On the Saturday of Labor Day weekend, as I walked into the house after mowing the lawn, my mom pulled out of the driveway.
At midnight, I had a feeling something was wrong because Mom wasn’t home yet. Dad played solitaire in his basement office, which was unusual for him this time of night.
The next day I remembered a note she wrote a few weeks earlier about jumping off the Bloomington Ferry Bridge. I biked to the bridge and found her car. A week later they found her body in the Minnesota River.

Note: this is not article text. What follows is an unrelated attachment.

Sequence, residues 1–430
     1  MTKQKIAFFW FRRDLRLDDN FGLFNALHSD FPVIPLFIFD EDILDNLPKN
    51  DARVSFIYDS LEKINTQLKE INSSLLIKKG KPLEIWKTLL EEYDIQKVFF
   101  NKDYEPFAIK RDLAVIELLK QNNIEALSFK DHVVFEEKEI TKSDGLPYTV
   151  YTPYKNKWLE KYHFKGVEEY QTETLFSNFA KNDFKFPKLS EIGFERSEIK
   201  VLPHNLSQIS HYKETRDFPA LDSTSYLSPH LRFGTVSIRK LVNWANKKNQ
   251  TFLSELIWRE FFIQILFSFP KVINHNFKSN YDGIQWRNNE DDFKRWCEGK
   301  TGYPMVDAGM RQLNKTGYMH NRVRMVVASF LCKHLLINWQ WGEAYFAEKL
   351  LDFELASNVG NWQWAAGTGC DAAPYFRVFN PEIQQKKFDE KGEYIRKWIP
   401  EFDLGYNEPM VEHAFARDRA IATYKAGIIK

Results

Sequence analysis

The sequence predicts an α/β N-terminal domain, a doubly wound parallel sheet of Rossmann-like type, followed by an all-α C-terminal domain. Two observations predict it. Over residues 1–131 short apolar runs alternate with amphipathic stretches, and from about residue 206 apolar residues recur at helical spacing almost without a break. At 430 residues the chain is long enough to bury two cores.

Mom’s death was a dark valley in my life. I was a sad fourteen-year-old, confused teenager. I didn’t feel the Lord’s presence, but I knew He was there. Ann, a lady next door whom my mom had problems with, came over and tried to comfort me. My eighth-grade class attended the funeral. Mom’s death was around the time of my birthday. Some friends threw me a surprise birthday party. After the funeral, Mary, a neighbor down the street, brought my dad and me meals once a week.
When we go through a horrific event, we may not see or feel His presence, but the psalmist reminds us we can. I didn’t hear God’s voice, but He used other people to be there for me. Friends and neighbors were the rod and staff that comforted me.
When tragedy strikes, God’s rod and staff will be there for you.
(Photo courtesy of morguefile.)
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